A Delta Airlines plane at Washington Dulles International Airport.

By Nicholas Kralev
The Washington Times

September 15, 2008

Who says that cheap plane tickets are a thing of the past? How would you like to go skiing in Utah this winter for less than $150 round trip from the East coast, including all taxes? Rather visit a warmer place? How about a ticket to Hawaii for less than $300?

Yes, these are real prices, but you might need to do some homework to get them. Airlines now publish low fares less frequently and often pull them off the market within hours.

We’ve all heard travel experts warning that airfares have nowhere else to go but up, mainly because of record-high jet-fuel prices, as well as predictions that the era of affordable air travel is over. That may well be what the future holds. The present, however, begs to differ — at least partially. Airlines may be imposing more restrictions on cheap tickets, but good deals are still around.

“They are not that prevalent, but there are still pretty fantastic prices,” said Richard Ingersoll, who runs a Web site that tracks travel deals and loyalty-program promotions called frugaltravelguy.com. “If you want to look for them, they are there — it’s not marketing, it’s the truth.”

It’s hard to benefit from the current low fares given the way most people book air travel. Typically, you need to be in a certain city on a certain date. So at some point when you find the time, you sit down and do an online search — and you get frustrated that you can’t get a transcontinental ticket for less than $500, when just a year ago you paid only $200.

There is not much you can do if you have to travel on business and your dates are fixed. But there is a lot you can do if you are flexible and proactive.

Here is a recent example of how I book my leisure travel. One night last month, I received an e-mail alert from FareCompare.com, a Web site that tracks all published fares and notifies its free subscribers when the fare for their chosen routes drops. According to the alert, United Airlines had just filed a round-trip fare between Washington and Salt Lake City of $99 plus tax. Domestic fares are usually the same between two cities in either direction.

I’ve been trying to go to the Sundance Film Festival in Utah for years, but fares in January rarely drop below $500, so I’ve never made it. When I saw $99, I thought it must have many restrictions — perhaps it’s only allowed on weekdays, which wouldn’t work for me, and it probably expires long before January. To my surprise, a quick look at the fare rules proved me wrong.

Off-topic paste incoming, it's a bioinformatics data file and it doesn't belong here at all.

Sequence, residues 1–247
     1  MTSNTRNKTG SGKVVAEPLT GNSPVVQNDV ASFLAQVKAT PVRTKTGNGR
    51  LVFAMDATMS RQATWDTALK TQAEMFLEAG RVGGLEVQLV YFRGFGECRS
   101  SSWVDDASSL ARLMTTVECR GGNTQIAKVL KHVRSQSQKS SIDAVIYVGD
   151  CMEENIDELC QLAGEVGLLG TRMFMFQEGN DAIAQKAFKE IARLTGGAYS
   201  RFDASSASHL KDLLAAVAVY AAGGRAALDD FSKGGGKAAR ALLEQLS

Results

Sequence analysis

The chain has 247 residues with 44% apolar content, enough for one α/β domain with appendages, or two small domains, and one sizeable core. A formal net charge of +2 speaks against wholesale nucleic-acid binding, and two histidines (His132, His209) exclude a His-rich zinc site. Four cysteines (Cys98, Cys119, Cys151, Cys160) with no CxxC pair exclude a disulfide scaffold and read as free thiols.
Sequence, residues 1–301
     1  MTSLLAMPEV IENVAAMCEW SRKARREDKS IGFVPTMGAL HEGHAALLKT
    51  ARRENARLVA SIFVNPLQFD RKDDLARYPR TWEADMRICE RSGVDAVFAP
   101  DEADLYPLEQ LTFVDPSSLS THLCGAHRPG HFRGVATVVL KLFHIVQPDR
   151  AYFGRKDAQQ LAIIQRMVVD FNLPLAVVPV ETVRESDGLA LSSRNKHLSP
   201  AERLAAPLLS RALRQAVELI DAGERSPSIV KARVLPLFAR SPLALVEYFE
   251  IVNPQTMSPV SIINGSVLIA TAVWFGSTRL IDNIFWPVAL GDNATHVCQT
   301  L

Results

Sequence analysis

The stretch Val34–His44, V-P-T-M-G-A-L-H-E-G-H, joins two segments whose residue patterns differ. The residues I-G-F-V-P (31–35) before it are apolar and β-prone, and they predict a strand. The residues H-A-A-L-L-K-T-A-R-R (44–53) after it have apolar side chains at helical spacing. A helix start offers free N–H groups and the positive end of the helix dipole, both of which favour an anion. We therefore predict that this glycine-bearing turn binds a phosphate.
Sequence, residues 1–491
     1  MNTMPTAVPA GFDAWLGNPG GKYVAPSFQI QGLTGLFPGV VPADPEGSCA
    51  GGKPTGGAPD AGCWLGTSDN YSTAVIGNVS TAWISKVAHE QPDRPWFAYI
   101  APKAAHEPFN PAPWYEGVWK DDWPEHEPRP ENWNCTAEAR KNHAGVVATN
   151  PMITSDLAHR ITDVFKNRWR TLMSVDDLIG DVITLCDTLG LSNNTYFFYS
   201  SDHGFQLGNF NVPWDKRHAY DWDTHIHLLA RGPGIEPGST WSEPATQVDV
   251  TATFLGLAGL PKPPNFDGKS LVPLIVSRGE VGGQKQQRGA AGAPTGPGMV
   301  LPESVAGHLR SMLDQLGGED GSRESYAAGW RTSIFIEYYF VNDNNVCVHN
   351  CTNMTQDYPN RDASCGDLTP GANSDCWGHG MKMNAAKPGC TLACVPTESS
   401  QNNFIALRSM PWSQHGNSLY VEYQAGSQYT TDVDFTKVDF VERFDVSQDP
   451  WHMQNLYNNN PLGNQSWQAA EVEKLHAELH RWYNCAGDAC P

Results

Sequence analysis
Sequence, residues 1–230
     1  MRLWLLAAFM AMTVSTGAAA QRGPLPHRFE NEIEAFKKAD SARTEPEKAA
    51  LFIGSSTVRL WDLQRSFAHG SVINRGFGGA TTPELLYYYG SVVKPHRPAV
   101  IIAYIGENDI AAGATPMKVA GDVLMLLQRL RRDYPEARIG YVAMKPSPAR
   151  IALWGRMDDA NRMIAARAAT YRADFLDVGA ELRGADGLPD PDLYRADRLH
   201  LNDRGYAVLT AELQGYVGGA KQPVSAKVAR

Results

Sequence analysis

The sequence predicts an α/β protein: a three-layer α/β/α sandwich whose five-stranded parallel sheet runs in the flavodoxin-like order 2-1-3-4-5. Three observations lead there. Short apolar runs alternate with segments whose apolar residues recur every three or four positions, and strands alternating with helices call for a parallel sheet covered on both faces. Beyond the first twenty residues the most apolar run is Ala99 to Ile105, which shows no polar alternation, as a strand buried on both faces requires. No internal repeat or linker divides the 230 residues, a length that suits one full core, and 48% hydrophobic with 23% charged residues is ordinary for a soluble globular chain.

Such a low fare with no restrictions is just too good to be true these days, so I didn’t think it would be around for long. Even though it was 10 p.m., I started looking for availability to Salt Lake City. I paid $141, including all taxes. The entire process — from getting the e-mail alert to issuing the ticket and even upgrading it to first class — took less than an hour and was all done online. By the morning, the $99 fare was gone.

That same fare was available from many other East coast cities. As it often happens in the airline industry, United targeted routes to and from a competitor’s hub — in this case, Delta’s. Those battles are known as “fare wars,” said Mr. Ingersoll, who recently bought a round trip ticket from Newark, N.J., to Hawaii for $275, thanks to a “war” between United and Continental Airlines.

“I’m constantly watching fares and belong to a group that monitors about 35 U.S. cities every day,” he said, adding that sometimes low fares are the result of mistakes. Deals are often available to and from cities served by low-cost carriers, such as Southwest Airlines, he said.

Last week, the lowest domestic fares filed by the so-called legacy carriers, based on price per mile, were $99 plus tax between Providence, R.I., and Phoenix, which was offered by United, Delta and Northwest Airlines, and $102 plus tax between Washington and Phoenix, available only on Northwest. You could fly between Raleigh, N.C., and Portland, Ore., for $164 plus tax on United and Northwest.

U.S. carriers publish and update fares three times a day during the week, and once a day on weekends. Most of us don’t have time to follow fares’ ups and downs. But if there are routes you fly regularly — either on business or to see relatives — or if you are planning a vacation somewhere with flexible dates, it’s worth signing up for those free e-mail alerts and booking quickly once a low fare pops up.

This column was first published by The Washington Times